By Shirley Lin.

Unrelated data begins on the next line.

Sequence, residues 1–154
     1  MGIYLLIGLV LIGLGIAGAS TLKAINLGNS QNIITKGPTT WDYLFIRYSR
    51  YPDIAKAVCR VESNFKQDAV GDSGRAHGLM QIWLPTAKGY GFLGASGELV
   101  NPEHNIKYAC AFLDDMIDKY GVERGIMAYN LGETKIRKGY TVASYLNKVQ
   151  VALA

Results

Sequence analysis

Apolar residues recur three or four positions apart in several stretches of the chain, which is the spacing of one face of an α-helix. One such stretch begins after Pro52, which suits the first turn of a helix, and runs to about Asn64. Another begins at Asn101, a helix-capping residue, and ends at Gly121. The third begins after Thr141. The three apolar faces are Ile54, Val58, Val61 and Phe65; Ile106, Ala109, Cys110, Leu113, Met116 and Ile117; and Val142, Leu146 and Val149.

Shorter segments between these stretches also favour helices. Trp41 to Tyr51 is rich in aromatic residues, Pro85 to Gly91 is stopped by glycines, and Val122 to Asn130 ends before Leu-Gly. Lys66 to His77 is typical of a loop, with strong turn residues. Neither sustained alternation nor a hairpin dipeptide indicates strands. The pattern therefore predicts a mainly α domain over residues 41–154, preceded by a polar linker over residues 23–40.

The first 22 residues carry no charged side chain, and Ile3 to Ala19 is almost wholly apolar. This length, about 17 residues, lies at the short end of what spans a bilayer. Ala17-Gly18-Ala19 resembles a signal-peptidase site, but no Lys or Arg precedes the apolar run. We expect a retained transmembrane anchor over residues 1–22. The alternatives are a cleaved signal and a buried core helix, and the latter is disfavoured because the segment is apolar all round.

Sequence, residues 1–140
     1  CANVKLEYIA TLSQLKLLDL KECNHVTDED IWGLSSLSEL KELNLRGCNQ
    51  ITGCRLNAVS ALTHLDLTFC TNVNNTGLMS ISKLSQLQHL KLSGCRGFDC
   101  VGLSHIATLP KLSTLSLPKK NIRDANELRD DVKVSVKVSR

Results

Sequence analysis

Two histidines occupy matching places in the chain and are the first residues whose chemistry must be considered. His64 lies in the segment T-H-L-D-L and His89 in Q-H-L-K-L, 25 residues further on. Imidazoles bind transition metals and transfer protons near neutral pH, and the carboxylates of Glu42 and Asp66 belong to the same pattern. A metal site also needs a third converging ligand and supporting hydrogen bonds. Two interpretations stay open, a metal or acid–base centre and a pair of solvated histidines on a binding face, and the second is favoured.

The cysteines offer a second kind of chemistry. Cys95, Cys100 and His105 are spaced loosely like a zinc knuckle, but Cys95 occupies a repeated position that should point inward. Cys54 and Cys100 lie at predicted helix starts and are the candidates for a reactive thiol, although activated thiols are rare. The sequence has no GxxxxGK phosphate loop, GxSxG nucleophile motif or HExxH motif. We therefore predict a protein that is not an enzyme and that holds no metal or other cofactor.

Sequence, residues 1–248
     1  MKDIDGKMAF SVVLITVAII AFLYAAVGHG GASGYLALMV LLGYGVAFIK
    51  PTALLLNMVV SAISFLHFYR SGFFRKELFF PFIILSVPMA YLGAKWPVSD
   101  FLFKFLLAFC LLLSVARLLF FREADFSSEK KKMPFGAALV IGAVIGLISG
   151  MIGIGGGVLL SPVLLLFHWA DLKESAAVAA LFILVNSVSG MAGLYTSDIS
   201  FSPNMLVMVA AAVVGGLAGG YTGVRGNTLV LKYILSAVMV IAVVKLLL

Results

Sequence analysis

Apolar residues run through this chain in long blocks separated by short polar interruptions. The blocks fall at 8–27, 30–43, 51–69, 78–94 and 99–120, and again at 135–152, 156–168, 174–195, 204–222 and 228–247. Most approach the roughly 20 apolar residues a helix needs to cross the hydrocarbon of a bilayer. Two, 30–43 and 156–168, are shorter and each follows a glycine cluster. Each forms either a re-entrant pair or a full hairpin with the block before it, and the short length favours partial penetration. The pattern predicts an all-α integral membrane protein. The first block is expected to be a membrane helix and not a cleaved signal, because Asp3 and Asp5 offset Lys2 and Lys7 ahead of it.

Theorizing work and its regulation has held enduring appeal for legal theorists. Yet intellectual movements that wish to theorize worker coercion within a broader critique of law often sidestep race. Since Lochner, landmark opinions involving race, labor, or both, have served as showpieces for the legal liberal tenets underpinning work law’s doctrines and institutions. Each iteration of the public/private divide instantiates an ideological—but avowedly race-neutral—structure for how we study, teach, and propose to reshape work law. Scholars, judges, and lawmakers typically cede this ground, perhaps because law itself is under right-wing attack. Full Article.